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Figure 1. Cicada killer wasp. Credit: A. Bachmann


Written collaboratively by Amanda Bachmann, Patrick Wagner, and Adam Varenhorst.

Cicada Killer Wasps
Sphecius speciosus

Over the past couple of weeks, we have received reports of large, menacing wasps appearing in residential yards and gardens. The wasps in question are commonly referred to as cicada killers (Sphecius speciosus). These wasps become active at approximately the same time as cicadas, which are used as a food source for the larvae of cicada killer wasps. In South Dakota, these wasps are now active and attracting a lot of attention due to their large size and somewhat terrifying appearance.

Identification

The adult wasps range in size from 1.5 to 2 inches in length. Cicada killer adults will have a reddish-brown thorax (area directly behind the head) and black abdomen with yellow banded markings (Figure 1). These wasps are often observed hovering close to the ground near mounds of excavated soil. The mounds are created when the female cicada killer wasps dig tunnels in areas of bare, sandy soil to create nesting habitat. These wasps are often seen in groups near garages, patios, sidewalks, retaining walls, and in playgrounds where dry, bare soil is readily available.

Lifecycle

Cicada killers are solitary wasps, which means one female will dig and provision her eggs alone (Figure 2). However, there are often multiple wasps using the same general area of suitable habitat in a yard. The female cicada killers hunt cicadas or other large insects near their selected nesting site. Once prey is caught, the wasp paralyzes it using her stinger and carries it back to her nest. She will then lay an egg on the prey and burry it. When the egg hatches, the larva will consume the prey, spin a cocoon, and overwinter in the soil. Warranting suitable environmental conditions, new adult cicada killer wasps will emerge from the area during the following year.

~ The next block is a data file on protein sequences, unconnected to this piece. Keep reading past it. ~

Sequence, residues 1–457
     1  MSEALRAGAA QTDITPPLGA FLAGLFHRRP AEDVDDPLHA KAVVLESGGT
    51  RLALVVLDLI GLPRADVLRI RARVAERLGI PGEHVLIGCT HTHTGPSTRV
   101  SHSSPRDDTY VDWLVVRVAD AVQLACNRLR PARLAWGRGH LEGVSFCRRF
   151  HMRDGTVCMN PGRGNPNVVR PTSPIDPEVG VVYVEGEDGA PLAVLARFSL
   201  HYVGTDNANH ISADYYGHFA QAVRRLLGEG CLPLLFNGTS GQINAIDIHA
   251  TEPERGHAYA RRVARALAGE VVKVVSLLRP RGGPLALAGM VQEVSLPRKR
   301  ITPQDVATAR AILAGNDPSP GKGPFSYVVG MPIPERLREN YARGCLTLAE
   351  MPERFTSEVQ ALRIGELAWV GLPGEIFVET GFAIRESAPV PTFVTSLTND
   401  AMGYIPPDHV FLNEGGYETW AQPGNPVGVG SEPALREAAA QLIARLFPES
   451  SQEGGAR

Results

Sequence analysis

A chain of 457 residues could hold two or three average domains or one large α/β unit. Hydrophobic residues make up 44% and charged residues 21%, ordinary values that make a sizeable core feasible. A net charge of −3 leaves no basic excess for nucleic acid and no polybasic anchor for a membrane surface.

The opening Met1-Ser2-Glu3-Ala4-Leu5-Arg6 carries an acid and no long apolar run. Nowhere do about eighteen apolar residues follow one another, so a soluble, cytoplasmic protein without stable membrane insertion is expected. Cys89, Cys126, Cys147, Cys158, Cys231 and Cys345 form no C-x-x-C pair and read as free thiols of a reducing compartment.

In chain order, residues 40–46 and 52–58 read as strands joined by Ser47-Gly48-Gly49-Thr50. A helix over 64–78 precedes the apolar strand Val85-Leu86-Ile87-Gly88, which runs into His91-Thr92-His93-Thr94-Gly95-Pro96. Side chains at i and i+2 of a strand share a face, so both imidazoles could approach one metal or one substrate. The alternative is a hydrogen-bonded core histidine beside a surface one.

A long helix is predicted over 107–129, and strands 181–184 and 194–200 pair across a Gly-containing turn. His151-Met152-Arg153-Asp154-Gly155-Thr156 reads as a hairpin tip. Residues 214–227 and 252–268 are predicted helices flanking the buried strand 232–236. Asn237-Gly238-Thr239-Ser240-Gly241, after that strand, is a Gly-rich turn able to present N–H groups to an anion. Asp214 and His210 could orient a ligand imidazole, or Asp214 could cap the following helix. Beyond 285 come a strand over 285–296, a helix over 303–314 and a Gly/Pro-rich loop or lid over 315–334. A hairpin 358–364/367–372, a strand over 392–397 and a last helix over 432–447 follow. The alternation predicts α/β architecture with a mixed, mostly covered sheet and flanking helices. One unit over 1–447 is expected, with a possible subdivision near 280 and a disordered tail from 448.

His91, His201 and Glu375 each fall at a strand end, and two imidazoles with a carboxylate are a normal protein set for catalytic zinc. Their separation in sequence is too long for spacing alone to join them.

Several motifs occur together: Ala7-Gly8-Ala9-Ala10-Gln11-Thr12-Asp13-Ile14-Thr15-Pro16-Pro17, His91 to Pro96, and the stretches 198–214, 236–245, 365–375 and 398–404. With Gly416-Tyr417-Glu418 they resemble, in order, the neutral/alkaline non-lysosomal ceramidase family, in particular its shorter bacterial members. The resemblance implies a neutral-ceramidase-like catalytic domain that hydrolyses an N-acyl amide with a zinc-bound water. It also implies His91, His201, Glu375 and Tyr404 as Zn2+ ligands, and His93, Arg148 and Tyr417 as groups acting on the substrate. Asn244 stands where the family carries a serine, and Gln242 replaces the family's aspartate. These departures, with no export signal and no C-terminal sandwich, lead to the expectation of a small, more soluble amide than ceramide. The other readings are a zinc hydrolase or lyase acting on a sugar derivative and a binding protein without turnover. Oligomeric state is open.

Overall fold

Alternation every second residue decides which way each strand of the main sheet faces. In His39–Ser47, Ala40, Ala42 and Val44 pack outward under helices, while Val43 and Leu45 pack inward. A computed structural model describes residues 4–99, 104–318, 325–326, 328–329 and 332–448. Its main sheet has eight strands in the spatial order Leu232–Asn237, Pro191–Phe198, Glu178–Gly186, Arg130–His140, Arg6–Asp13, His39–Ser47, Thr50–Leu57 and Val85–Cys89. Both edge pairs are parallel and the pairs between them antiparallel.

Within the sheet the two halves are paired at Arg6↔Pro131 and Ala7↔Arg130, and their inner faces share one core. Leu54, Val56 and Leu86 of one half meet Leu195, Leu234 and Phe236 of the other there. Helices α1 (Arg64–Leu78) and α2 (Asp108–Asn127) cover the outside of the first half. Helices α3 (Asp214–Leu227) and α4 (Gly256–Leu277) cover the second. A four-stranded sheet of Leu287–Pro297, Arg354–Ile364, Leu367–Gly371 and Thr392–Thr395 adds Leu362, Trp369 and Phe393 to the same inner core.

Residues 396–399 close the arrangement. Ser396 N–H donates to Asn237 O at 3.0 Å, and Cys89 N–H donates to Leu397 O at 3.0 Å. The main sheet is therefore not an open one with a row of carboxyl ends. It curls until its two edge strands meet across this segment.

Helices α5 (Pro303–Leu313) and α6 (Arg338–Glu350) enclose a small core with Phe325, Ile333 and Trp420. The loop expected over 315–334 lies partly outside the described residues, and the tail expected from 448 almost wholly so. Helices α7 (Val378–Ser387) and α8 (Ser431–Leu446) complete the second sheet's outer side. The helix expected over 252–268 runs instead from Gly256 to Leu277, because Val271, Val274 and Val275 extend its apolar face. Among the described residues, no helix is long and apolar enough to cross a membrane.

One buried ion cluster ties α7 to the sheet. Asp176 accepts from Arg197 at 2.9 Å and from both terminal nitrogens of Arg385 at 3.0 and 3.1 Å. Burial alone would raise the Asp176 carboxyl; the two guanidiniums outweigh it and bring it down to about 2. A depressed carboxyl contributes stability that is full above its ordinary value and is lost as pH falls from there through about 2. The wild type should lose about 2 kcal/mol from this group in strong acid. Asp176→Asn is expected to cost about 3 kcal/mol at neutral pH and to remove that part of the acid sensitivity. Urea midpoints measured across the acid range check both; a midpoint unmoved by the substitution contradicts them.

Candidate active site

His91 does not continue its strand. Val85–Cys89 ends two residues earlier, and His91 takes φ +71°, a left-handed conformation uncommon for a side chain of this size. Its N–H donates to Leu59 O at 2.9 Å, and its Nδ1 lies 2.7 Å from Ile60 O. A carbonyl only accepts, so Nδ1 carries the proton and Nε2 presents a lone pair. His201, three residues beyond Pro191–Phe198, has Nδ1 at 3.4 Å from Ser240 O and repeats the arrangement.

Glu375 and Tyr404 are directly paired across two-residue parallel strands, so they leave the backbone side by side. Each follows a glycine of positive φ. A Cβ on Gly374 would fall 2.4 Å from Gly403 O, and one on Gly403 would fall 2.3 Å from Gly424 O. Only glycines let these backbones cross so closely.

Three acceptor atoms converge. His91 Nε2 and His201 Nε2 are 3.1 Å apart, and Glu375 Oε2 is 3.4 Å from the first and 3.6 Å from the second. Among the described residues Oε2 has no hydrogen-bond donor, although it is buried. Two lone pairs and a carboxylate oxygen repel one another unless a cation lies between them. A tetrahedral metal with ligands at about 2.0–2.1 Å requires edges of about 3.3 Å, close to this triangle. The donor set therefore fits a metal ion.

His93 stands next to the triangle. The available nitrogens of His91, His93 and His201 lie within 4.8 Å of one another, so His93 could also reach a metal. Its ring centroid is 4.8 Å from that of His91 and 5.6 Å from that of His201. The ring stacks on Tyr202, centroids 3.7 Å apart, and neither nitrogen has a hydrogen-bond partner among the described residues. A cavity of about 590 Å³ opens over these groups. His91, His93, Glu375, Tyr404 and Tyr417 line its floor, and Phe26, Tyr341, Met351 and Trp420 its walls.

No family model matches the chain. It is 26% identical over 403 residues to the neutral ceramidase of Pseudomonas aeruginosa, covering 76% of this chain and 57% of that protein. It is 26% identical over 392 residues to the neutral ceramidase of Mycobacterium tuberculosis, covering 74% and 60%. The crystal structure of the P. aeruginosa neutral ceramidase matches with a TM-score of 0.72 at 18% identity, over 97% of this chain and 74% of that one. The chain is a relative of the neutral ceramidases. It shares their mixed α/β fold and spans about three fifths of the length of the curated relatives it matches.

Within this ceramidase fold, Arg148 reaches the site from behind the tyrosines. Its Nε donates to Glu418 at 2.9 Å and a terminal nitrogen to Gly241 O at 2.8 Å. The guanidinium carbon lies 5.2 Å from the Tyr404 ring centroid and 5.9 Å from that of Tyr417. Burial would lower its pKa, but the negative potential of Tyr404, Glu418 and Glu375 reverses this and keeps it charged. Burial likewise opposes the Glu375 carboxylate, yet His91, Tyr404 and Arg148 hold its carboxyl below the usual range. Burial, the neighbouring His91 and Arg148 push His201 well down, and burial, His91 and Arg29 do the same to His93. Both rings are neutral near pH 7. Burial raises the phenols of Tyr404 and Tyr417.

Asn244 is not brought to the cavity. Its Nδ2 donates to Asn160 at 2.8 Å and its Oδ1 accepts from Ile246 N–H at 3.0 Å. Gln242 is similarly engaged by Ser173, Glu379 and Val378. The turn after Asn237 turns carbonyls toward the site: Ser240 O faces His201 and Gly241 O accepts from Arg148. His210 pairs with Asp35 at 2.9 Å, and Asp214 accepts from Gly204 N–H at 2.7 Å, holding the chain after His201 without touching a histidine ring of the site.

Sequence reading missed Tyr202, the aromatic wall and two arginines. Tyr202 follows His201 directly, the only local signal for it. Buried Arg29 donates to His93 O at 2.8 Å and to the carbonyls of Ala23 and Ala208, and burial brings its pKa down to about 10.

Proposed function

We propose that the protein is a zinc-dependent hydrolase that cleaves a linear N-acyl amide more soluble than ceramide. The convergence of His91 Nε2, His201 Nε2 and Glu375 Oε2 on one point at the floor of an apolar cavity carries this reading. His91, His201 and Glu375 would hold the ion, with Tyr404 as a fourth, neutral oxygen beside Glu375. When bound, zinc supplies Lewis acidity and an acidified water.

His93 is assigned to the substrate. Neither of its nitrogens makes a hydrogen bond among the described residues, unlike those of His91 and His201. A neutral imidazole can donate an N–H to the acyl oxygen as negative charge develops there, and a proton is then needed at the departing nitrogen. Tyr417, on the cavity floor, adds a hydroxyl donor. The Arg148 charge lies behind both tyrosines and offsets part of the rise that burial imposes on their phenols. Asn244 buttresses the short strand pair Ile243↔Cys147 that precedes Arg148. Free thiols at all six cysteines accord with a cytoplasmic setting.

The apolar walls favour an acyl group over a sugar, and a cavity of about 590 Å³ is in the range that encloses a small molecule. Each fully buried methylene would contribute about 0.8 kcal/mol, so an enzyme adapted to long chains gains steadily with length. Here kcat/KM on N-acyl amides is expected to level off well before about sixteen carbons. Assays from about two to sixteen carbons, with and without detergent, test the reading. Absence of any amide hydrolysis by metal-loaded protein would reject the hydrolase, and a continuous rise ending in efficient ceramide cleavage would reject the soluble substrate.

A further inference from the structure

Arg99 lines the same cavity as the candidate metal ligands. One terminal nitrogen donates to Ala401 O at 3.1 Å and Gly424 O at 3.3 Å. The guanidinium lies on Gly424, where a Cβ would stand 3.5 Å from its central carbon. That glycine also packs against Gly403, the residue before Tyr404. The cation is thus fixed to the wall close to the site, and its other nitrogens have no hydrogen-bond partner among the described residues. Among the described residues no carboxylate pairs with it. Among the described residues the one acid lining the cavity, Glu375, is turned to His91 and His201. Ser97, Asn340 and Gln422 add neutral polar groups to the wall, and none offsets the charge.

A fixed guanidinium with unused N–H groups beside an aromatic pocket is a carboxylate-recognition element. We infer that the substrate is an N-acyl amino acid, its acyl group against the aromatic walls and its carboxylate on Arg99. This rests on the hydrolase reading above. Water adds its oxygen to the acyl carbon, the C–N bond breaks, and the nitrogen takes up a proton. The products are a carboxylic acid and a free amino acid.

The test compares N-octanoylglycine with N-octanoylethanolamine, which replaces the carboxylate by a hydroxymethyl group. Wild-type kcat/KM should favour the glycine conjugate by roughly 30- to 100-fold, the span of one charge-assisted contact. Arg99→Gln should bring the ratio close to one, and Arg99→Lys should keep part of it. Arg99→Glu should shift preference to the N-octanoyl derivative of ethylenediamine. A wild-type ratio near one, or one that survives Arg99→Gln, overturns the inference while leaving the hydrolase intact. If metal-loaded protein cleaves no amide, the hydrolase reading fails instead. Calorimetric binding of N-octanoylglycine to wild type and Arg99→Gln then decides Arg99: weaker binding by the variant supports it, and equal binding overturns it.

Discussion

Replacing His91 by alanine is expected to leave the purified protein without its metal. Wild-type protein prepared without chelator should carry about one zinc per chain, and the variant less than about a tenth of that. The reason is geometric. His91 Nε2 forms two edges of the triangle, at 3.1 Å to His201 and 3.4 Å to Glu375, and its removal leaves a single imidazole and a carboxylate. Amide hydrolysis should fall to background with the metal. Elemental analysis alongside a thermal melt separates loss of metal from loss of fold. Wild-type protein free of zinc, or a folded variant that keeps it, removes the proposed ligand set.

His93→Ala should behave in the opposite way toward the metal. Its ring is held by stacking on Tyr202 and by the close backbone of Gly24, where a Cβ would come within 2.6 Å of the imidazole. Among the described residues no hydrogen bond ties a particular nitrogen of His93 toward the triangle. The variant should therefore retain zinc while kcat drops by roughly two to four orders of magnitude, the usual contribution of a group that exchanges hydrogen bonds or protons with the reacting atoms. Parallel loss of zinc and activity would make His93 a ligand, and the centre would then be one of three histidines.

Figure 2. Cicada killer wasp digging a hole in a lawn. Credit: A. Varenhorst
 

No Need to Manage

We receive many questions regarding the management of cicada killer wasps. For the most part, these questions arise because of their size and habit of nesting close to areas of human activity. Although they do cause minor disturbances in lawns and gardens, these wasps are benign. Cicada killer wasps may look deadly, but in reality, they are rarely aggressive towards humans or pets. Male cicada killers can be territorial. They are sometimes observed patrolling an area and may buzz around passing people or pets. Male cicada killers may appear threatening, but they lack a stinger and are thus incapable of inflicting a painful sting.

If cicada killers are nesting in an undesirable location, the long-term solution is to amend the habitat in that area. As long as an area remains bare, with loose or sandy soil, it has an increased chance of being utilized by subsequent generations of cicada killer wasps.


Figure 3. Cicada killer nest located in dry grass near a driveway.
Credit: A. Varenhorst

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